Today the Department of Energy (DOE) announced the first round of awardees for the Regional Clean Hydrogen Hubs (“H2Hubs”) program, a multi-year, multi-billion-dollar initiative passed as part of the 2021 Infrastructure Investment and Jobs Act (IIJA). According to the Union of Concerned Scientists, hydrogen can valuably contribute to the clean energy transition, but only if it is produced and used in ways that are truly climate-aligned. If not, hydrogen risks increasing environmental- and health-harming pollution, abetting corporate greenwashing, and stalling clean energy progress.
Below is a statement by Julie McNamara, the deputy policy director of the Climate and Energy Program at the Union of Concerned Scientists.
“Given the magnitude of investment, ambition, and geographic reach of the H2Hubs program, the federal government holds enormous sway over the future direction of the hydrogen industry—with serious implications for climate, health, and justice on the line.
“Concerningly, today’s H2Hubs announcement advances multiple projects premised on fossil fuel-based hydrogen production and risky hydrogen end uses. Billions of taxpayer dollars are at risk of perpetuating fossil fuel industry injustices and harms while subsidizing fossil fuel greenwashing. This is an untenable point of focus for funds intended to spur the buildout of our clean energy future.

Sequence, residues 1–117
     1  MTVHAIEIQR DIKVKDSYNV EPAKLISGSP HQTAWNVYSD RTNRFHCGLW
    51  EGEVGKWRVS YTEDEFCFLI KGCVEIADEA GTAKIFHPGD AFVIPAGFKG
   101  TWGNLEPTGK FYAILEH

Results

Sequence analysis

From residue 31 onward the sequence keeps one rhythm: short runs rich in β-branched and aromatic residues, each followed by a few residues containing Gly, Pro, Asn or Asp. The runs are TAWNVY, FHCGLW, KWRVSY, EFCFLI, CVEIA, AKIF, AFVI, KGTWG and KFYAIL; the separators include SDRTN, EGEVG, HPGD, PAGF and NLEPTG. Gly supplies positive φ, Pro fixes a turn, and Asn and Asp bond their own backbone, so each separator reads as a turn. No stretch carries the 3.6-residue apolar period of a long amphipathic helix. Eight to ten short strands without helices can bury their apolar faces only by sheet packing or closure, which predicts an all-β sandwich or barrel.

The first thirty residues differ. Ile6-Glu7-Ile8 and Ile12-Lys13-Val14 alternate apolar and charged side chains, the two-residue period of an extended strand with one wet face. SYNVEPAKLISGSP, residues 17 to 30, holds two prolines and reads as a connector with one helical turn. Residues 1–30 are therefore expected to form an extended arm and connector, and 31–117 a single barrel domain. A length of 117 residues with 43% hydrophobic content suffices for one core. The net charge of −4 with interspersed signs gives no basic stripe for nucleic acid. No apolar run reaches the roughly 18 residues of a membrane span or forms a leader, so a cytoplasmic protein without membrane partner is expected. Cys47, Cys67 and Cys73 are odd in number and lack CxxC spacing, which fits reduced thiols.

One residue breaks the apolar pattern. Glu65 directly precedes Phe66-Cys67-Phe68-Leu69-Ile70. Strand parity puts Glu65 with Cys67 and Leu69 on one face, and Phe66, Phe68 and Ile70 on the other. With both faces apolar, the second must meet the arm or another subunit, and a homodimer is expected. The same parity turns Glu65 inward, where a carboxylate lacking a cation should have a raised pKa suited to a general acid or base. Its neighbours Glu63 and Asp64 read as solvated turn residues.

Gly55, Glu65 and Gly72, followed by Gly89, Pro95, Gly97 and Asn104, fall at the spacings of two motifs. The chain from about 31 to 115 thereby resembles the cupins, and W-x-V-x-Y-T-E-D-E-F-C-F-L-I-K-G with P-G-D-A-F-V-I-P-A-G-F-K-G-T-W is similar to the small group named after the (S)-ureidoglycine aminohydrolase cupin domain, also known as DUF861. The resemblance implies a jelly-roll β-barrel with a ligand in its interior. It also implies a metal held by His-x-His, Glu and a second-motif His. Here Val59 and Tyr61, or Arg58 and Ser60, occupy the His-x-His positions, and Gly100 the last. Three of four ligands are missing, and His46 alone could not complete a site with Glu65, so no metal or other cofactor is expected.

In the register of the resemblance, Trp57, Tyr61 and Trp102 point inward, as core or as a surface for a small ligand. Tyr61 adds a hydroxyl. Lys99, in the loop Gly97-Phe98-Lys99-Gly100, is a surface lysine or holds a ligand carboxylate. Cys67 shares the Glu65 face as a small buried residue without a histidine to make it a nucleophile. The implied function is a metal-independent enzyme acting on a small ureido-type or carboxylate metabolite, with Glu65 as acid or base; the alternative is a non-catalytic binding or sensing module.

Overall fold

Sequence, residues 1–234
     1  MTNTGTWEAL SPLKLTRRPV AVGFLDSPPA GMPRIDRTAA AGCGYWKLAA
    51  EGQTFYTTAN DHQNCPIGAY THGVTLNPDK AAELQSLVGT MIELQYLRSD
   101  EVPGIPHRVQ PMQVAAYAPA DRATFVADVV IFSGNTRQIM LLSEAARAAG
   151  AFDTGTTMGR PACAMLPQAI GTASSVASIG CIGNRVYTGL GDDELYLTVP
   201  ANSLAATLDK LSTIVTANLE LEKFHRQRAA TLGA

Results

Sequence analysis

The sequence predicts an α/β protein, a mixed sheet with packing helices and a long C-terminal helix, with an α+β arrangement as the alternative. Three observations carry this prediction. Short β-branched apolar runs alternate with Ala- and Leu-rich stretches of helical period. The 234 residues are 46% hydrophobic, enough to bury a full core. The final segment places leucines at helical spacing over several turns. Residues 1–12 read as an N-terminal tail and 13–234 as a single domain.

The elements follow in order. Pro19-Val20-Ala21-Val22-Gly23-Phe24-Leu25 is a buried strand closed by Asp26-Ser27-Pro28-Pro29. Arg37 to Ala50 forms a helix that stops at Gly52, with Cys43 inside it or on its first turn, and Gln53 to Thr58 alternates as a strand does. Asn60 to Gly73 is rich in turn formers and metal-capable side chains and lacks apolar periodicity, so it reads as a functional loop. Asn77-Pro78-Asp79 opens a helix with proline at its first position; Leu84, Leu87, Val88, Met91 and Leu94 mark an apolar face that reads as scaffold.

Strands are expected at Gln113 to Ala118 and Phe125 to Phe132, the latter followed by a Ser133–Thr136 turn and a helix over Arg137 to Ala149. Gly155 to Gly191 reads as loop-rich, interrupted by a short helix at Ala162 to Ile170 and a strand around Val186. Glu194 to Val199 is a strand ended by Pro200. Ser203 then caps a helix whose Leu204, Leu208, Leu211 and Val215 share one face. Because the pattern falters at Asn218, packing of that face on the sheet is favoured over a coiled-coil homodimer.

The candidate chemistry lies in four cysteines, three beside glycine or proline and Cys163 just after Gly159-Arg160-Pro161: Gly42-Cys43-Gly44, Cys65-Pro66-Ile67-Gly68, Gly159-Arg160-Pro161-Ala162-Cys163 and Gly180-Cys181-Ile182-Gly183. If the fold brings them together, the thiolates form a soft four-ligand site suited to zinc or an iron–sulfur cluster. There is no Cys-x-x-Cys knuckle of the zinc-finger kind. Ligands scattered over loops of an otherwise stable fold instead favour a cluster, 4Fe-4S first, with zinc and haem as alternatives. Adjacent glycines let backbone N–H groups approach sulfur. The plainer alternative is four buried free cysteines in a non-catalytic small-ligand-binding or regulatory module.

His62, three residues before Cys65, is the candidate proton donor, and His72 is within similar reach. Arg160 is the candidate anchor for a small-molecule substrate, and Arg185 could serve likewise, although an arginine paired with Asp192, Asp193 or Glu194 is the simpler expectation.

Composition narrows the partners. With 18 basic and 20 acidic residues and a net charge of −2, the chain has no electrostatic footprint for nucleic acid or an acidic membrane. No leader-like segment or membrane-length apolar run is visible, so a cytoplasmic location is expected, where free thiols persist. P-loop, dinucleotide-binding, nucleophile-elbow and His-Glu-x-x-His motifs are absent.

“Today’s announcement also sets in stark relief the significance of upcoming administration decisions around implementation of the Inflation Reduction Act's hydrogen production tax credit, which could be a bulwark against heavily polluting hydrogen—or a backdoor subsidizing it.
“The Department of Energy and the Biden Administration now must set rigorous implementation, evaluation, and engagement criteria to ensure the development of a hydrogen industry that is unequivocally aligned with our climate objectives and that serves our collective goal to secure a safe, clean, just, and healthy future for all.
“As the H2Hubs program moves forward, the administration must correct for the persistent lack of transparency that has clouded the program to date, severely hindering public engagement and undermining project accountability. This must change.”